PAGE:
Daily Trust - Half of dead baby turtles have stomachs full of plastic — St

 

Half of dead baby turtles have stomachs full of plastic — Study

A new study published in a journal ‘Nature’ has shown that baby sea turtles are particularly vulnerable to the harmful effects of plastics pollution.

The new study found around half of the recently hatched reptiles had stomachs full of plastic.

In their research, a team led by Dr Britta Denise Hardesty from the Commonwealth Scientific and Industrial Research Organisation (CSIRO) examined data from nearly 1,000 dead turtles to understand the role plastic played in their deaths.

They found that the youngest turtles appeared to be most susceptible to plastic pollution.

According to the report, over half of the post-hatchling individuals had ingested plastic, and around a quarter of the slightly older juveniles were affected, compared to around 15 per cent of adults.

While the number of plastic pieces in the reptiles’ guts varied wildly from one to over 300, the scientists were able to deduce that turtles have a 50 per cent probability of death after consuming 14 pieces.

In recent years, scientists have realised that animals ranging from plankton to whales are regularly consuming plastic, since around 10 million tons of it ends up in the sea every year.

Despite the attention this problem has received, there is still very little known about the overall effect plastic is having on ocean animals.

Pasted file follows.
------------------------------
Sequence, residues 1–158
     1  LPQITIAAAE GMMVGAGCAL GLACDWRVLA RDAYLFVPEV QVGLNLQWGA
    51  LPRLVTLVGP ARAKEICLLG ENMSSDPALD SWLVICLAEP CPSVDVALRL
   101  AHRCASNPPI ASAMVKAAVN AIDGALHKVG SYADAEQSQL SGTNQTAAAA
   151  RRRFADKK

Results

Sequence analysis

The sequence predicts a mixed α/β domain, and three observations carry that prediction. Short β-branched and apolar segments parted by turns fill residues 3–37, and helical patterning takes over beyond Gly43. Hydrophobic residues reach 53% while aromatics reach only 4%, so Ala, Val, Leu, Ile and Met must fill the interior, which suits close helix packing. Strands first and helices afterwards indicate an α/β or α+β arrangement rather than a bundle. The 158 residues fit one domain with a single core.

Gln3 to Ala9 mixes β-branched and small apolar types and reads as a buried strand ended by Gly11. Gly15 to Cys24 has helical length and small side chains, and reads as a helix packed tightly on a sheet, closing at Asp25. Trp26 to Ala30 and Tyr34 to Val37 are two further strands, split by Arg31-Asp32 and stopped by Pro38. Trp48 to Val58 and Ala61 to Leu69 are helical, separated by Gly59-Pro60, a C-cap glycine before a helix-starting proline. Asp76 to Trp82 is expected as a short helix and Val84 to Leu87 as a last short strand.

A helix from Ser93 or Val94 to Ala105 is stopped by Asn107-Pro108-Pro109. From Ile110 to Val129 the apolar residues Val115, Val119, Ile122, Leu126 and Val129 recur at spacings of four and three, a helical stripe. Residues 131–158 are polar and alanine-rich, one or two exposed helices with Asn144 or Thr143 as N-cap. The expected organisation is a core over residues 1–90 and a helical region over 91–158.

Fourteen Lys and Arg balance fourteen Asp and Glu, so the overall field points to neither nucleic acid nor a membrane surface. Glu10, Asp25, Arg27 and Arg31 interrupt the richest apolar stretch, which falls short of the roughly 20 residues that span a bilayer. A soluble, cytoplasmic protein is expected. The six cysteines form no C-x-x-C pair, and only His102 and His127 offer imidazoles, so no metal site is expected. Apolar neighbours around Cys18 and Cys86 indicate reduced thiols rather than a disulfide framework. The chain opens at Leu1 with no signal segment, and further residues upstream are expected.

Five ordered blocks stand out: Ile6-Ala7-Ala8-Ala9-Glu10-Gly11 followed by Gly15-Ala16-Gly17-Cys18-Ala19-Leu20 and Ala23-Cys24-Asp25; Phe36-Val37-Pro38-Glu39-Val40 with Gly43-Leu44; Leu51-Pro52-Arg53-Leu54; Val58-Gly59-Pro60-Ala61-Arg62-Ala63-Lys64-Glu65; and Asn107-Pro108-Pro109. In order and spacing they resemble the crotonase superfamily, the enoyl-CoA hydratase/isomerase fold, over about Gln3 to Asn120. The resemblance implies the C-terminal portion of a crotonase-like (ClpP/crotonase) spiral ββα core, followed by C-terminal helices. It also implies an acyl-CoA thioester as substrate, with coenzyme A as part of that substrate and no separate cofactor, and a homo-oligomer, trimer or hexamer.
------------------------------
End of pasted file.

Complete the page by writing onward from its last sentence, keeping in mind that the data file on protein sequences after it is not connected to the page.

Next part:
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Half of dead baby turtles have stomachs full of plastic — Study

A new study published in a journal ‘Nature’ has shown that baby sea turtles are particularly vulnerable to the harmful effects of plastics pollution.

The new study found around half of the recently hatched reptiles had stomachs full of plastic.

In their research, a team led by Dr Britta Denise Hardesty from the Commonwealth Scientific and Industrial Research Organisation (CSIRO) examined data from nearly 1,000 dead turtles to understand the role plastic played in their deaths.

They found that the youngest turtles appeared to be most susceptible to plastic pollution.

According to the report, over half of the post-hatchling individuals had ingested plastic, and around a quarter of the slightly older juveniles were affected, compared to around 15 per cent of adults.

While the number of plastic pieces in the reptiles’ guts varied wildly from one to over 300, the scientists were able to deduce that turtles have a 50 per cent probability of death after consuming 14 pieces.

In recent years, scientists have realised that animals ranging from plankton to whales are regularly consuming plastic, since around 10 million tons of it ends up in the sea every year.

Despite the attention this problem has received, there is still very little known about the overall effect plastic is having on ocean animals.

More Stories